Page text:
Information technology jobs are some of the fastest growing in Southeast Michigan, a 9-county area that includes Detroit, Ann Arbor, and Flint. In just five years, demand in the form of online job postings grew more than 50%, faster than major national tech hubs like Silicon Valley. Each quarter there is a steady stream of employer demand, with postings hovering around 9-10,000. In the third quarter of 2013, demand soared above a whopping 16,000 postings over the three-month period. The greatest need has been for software developers, followed by computer systems analysts, computer user support specialists, programmers, and database administrators.
With such a rapid upward shift in demand, it is no surprise that employers are struggling to find talent. Certainly, Southeast Michigan is not alone in its challenge. Many communities nationwide are experiencing their own rapid growth. However, the response in this region is unique.
A partnership of community colleges and workforce development agencies (Michigan Works!) has formed a partnership called the Workforce Intelligence Network (WIN). The purpose of WIN is to understand labor market demand and work with employers to address their short-term and long-term talent needs. Other partners include economic developers, universities, and of course employers themselves. WIN has convened these groups to form an employer-led, multi-industry council focused specifically on IT talent needs.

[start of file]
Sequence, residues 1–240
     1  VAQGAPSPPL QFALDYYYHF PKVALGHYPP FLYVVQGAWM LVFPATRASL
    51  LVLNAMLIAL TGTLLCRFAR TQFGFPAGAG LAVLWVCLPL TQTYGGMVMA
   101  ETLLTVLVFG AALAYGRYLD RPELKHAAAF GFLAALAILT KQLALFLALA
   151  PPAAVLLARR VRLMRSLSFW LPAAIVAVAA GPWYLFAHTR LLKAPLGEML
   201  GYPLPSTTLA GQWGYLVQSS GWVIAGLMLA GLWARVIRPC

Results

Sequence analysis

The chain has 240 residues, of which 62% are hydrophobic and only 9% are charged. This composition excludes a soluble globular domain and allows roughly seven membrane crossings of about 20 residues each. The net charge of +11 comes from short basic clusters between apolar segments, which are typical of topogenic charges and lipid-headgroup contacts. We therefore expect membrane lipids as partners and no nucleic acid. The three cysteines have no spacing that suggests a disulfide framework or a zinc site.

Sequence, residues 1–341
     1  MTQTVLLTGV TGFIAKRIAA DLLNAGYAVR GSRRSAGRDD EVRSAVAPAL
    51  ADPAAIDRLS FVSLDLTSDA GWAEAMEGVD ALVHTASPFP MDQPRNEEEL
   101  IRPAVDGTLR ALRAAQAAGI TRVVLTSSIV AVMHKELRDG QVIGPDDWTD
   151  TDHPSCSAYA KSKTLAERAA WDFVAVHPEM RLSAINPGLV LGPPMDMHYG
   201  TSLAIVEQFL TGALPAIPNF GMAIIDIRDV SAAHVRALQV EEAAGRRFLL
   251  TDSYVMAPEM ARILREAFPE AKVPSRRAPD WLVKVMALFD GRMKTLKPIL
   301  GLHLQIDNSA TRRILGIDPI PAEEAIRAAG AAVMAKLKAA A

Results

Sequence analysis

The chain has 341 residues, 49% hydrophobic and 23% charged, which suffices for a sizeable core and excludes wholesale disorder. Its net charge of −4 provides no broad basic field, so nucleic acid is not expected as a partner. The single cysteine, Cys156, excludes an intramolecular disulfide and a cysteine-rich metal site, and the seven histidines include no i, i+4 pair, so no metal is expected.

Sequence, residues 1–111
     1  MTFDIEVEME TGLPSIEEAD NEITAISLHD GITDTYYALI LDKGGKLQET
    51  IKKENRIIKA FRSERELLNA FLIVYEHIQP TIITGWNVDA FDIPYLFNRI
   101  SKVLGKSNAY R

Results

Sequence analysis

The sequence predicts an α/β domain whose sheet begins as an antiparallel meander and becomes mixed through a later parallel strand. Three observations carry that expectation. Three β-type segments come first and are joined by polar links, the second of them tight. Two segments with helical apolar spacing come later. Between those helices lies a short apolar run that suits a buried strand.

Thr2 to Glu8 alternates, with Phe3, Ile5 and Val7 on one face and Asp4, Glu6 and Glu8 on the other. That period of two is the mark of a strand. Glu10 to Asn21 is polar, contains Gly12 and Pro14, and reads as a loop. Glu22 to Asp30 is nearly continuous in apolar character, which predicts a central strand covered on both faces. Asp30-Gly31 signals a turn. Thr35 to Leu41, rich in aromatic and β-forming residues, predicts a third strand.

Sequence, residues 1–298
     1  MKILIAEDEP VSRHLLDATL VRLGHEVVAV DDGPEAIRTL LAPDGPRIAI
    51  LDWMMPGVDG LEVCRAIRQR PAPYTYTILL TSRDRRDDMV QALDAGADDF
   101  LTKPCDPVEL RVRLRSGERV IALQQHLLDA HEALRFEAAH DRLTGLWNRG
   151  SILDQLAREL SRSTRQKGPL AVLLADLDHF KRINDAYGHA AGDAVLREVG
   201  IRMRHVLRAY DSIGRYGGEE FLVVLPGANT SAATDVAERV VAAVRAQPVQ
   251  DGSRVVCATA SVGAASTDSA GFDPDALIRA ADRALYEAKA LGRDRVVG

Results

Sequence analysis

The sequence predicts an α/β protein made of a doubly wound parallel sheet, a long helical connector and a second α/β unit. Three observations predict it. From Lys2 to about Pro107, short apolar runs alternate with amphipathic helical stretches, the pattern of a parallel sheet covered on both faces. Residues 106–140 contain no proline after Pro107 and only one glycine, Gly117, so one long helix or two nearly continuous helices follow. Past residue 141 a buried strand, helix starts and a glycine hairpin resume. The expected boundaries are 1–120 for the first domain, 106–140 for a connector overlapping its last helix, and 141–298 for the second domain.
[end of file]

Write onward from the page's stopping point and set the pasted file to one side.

The Council’s mission is to raise awareness of and shape community responses to the Southeast Michigan technology industry’s talent, customer and supply-chain, and other growth needs. The vision is an enhanced, tech-based ecosystem that supports industry and community-economic success. This group meets routinely and has three primary goals:
The Council comprises more than 30 employers with a significant need for information technology talent and is open to any additional company that may be interested in participating.
The council is taking action to develop new talent that regional tech employers need, including an experiential learning initiative, internships for college students, apprenticeships for systems analysts, and more. The council also serves as a communication conduit for the region’s various talent partners. WIN works closely with the State of Michigan, business accelerators, and others to collaborate and close the talent gap in the region.
“My company is an active participant in the regional tech council,” notes John W. Stout, President of Stout Systems. “The objectives of the council align with our own efforts to attract software and IT industry talent to the area and help make the Detroit region recognized as the hugely growing technology center that it is. Ann Arbor, where we are headquartered, draws its share of talent and so is an essential part of the regional strategy. I encourage other employers to be a part of this initiative.”
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